Gaus: Freedom, Morality, and the State

Ok, here’s another book I desperately want to have (and while I’m wishing, it sure would be great to have the time to read it as well): The Order of Public Reason: A Theory of Freedom and Morality in a Diverse and Bounded World by Gerald Gaus. It’s about large-scale human societies — how they…

The Cat Cure: Animal Husbandry and Human Civilization

I do love my cat. Gods, do I love my cat. Cu Gwyn is his name, meaning “White Dog” in Welsh; we chose it for him because he’s a black cat, and that’s the kind of sense of humor we have. Cu wanders the house at random, mostly sleeping or looking out the window or…

Temperance, Terror, Torch, Torture

My old blog, the Word of the Day, is defunct, and I’m getting ready to take it down. Before I do, though, I’m going to repost some of the best words here over the next few weeks. Enjoy! Temperance Ultimately, temperance comes from Latin tempus, “time”. No one knows where Latin picked up tempus –…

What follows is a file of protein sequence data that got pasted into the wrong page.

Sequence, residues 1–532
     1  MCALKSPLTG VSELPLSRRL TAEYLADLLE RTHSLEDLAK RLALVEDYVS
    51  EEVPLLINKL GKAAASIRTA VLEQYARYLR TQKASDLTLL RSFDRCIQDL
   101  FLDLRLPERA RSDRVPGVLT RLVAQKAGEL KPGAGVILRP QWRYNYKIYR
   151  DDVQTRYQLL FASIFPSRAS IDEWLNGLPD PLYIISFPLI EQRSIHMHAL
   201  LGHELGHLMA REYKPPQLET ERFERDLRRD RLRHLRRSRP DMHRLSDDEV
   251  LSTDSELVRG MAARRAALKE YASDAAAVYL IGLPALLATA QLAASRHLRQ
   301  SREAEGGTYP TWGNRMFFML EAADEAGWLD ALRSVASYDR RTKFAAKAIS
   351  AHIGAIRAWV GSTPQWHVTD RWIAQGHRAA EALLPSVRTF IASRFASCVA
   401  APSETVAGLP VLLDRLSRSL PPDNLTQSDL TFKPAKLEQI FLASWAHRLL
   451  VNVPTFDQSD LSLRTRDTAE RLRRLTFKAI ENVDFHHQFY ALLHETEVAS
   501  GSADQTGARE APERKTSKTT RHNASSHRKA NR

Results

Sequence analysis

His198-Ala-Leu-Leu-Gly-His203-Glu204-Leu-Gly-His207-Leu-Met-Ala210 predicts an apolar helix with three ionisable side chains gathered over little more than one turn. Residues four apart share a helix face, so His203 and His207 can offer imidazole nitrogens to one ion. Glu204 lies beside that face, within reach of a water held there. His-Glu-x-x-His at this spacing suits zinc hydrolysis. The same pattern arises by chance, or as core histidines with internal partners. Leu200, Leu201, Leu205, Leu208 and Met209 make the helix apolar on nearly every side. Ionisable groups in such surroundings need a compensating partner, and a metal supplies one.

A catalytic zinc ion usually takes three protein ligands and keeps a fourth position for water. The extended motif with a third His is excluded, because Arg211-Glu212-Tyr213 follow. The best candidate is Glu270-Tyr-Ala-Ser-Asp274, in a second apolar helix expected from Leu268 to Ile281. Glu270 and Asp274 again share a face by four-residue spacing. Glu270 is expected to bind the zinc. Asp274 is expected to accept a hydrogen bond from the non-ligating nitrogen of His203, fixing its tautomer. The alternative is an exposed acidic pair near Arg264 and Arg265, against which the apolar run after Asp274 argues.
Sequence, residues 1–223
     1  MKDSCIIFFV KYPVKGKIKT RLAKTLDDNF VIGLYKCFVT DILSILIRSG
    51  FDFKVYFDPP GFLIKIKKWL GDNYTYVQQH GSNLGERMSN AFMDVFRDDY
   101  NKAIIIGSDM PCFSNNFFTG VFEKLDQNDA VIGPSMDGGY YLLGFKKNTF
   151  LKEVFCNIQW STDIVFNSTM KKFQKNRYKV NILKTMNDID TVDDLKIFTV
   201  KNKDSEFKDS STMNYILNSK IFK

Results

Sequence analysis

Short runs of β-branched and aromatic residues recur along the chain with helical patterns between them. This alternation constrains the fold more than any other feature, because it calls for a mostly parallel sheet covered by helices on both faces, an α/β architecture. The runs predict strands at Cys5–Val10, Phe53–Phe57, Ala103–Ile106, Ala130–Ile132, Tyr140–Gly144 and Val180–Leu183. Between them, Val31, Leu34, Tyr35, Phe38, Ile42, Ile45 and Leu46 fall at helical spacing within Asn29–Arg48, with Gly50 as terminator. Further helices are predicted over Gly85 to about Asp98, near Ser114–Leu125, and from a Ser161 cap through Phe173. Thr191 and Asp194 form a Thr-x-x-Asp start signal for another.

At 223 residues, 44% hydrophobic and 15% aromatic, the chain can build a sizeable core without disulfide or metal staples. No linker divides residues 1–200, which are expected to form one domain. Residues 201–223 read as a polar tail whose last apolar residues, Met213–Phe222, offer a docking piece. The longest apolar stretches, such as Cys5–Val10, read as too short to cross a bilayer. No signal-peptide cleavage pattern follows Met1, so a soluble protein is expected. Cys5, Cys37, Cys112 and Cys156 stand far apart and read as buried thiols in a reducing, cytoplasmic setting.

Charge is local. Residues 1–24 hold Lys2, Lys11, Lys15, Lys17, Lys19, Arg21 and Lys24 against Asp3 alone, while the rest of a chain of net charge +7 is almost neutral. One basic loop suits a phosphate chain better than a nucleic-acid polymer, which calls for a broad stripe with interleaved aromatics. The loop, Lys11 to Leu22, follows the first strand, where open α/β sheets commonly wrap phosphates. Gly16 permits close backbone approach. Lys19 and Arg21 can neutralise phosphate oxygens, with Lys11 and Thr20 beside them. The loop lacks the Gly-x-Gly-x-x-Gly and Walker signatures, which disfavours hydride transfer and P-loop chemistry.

The Tie that Binds: a Meditation on Love and War

Why are people violent? Years ago, during a visualization meditation on physical violence (I wanted to try and get at the root of it, to understand where it came from), I found myself on a path edged with tall, tangled bushes. Their branches were bowed with huge blossoms and masses of matted leaves. The air…

On the Christmas Tree

We received a most interesting Christmas card from a family friend recently. (Our family friend doesn’t yet know about our religious affiliation…) The card had a lovely picture of a family bringing home a tree in a sleigh, and inside the card was a remarkable story about the origin of the Christmas tree:

The Victory of the Sioux

Last week I had lots of opportunity to look at a map of South Dakota. Notice the shaded areas that represent the Sioux Indian Reservations. Go ahead, look. I’ll wait here… Did you notice? A full one fifth of South Dakota belongs to the Sioux. This is an area about the size of Wales. A…